It's not just adult restaurant menus that are growing increasingly sophisticated and diverse in their offerings. Kids want in on the action, too, with fruit and veggie alternatives to the same old burgers with a side of fries. Now your server may bark, "Ya want carrots with that?"
Parents' concerns about food additives, saturated fats and child obesity are driving a lot of changes to kids menus. Food service operators are offering alternatives to fried foods and trans fats by providing more fresh fruits, vegetables, whole grains and even organic foods.
At the same time, kids menus are moving in the direction of offering more choices. Darren Tristano, executive vice president of the research firm Technomic, says, "[Restaurant] chains have looked at the fact that not all kids are the same. You're starting to see more sophistication and more options." Children want to eat what their parents are eating, so restaurants are offering kids variety and interesting flavors. Tristano says, "They're eating more ethnic foods, and they're enjoying it."
Sliders have become popular on many adult menus, so Friendly's has introduced both cheeseburger sliders and chicken sliders on the new kids' menu.
The Walt Disney Co. understands kids eat first with their eyes. One feature of the company's Well-Balance Food Initiative is to offer more healthy kid meal options at Disney theme parks. Meals are served on plates shaped like Mickey Mouse with the ears having spaces for healthy side items. Juice comes with a color changing straw. At Disneyworld, when Disney tested its new kids menu program that features fruit or carrots as the side rather than French fries, 77% of parents stuck with the healthy options -- even though there was no additional cost for fries.
Environmentalism is starting to creep into children's menus. Hard Rock Cafe has partnered with the Arbor Day Foundation with the launch of its new Lil' Rockers Menu. It features kids meals packaged with fun activities that show youngsters how they can help protect the environment.
Beginning Arbor Day, April 25, each kid's meal at Hard Rock Cafes throughout North America and Puerto Rico included tree seed packets, encouraging children to plant trees to help produce more oxygen and preserve wildlife habitats. Hard Rock International has also teamed up with the Arbor Day Foundation, making the commitment to plant at least 25,000 trees this year. Additionally, with the help of the new Lil' Rockers Menu, Hard Rock and the Arbor Day Foundation hope to help plant an additional 1 million trees in 2008.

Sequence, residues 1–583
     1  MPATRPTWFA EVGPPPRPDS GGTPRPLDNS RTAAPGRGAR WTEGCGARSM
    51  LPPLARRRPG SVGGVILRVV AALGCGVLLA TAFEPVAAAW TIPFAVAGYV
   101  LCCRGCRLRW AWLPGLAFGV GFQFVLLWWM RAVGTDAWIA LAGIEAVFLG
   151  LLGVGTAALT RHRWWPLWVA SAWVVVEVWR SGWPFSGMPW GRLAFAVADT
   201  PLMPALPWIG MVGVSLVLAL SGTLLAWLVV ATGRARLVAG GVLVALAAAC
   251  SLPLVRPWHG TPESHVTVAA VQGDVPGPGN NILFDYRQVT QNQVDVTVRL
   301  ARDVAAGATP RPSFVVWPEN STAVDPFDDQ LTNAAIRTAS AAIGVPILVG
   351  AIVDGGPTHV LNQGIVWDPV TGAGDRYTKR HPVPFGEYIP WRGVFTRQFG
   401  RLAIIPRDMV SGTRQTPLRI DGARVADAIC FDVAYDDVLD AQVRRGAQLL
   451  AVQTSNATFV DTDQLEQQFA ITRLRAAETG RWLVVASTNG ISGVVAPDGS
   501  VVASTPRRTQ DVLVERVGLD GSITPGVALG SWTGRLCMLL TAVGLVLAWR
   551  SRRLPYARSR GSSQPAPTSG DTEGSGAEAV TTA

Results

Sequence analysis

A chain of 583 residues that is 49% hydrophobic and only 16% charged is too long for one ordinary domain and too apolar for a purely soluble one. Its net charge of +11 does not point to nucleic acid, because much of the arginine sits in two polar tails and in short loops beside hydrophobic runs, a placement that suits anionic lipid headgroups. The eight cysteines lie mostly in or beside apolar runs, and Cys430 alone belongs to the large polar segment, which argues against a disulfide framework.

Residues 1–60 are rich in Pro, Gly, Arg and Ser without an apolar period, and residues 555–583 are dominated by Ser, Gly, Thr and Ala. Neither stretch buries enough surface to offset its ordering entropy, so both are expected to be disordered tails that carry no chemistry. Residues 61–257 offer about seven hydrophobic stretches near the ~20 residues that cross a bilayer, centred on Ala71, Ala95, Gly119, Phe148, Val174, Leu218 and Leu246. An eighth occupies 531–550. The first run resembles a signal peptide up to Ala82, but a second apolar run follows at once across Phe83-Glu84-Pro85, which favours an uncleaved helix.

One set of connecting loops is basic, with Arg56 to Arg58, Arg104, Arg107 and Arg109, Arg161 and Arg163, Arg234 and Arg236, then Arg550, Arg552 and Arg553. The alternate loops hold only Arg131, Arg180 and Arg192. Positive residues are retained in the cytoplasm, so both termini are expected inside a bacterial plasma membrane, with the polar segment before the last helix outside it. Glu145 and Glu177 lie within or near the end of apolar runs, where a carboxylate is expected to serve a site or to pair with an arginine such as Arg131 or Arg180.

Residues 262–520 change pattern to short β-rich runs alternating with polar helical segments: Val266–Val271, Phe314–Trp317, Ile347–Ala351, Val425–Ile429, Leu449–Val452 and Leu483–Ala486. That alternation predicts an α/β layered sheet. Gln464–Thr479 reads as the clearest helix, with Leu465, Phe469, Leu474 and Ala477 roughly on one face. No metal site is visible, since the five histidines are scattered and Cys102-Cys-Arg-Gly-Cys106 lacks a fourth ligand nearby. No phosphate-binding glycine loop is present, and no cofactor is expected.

Hard Rock's new kids' menu also teaches children how to "Rock. Reuse. Recycle," as each meal is complete with four pages of fun eco-friendly activities, as well as recyclable "Save the Planet" cups and lids.
"Kids are an important part of our fan base and we want to ensure that their Hard Rock experiences are memorable -- from the food and drinks, to the memorabilia on our walls, to teach them about saving the planet," says Sean Dee, Vice President and Chief Marketing Officer, Hard Rock International. "It is important to educate children, not only about the history of music, but also about the environment and how they can help make the world a safer, healthier place."
Kids menus at many hotels are also undergoing changes. All over the world, hotel restaurant menus are becoming surprisingly adventurous.
At the Gleneagles Resort in Perthshire, Scotland, the new children's menu at Deseo, one of their restaurants, has a Spanish/Mediterranean theme. Kids choices on their Young Person's Menu include garlic dough balls, honey-style chicken wings and cherry tomato and mozzarella balls. The kids menu also offers a rib-eye cheeseburger and fries for children who are not as adventurous.
David Burke's Primehouse at the James Chicago Hotel has started a Dim Sum Brunch with kid offerings like Kobe corndogs, stuffed French toast and cheesecake lollipops.
At a few hotels, the focus has been on changing the menu itself rather than the menu items. The children's menu at the Roosevelt Grill in the Roosevelt Hotel in New York City comes in the form of a puzzle made from the finest Swiss chocolate, wrapped in cellophane with a gold bow.
There is little doubt that the sophistication of children's menu offerings will continue to spread throughout the restaurant industry.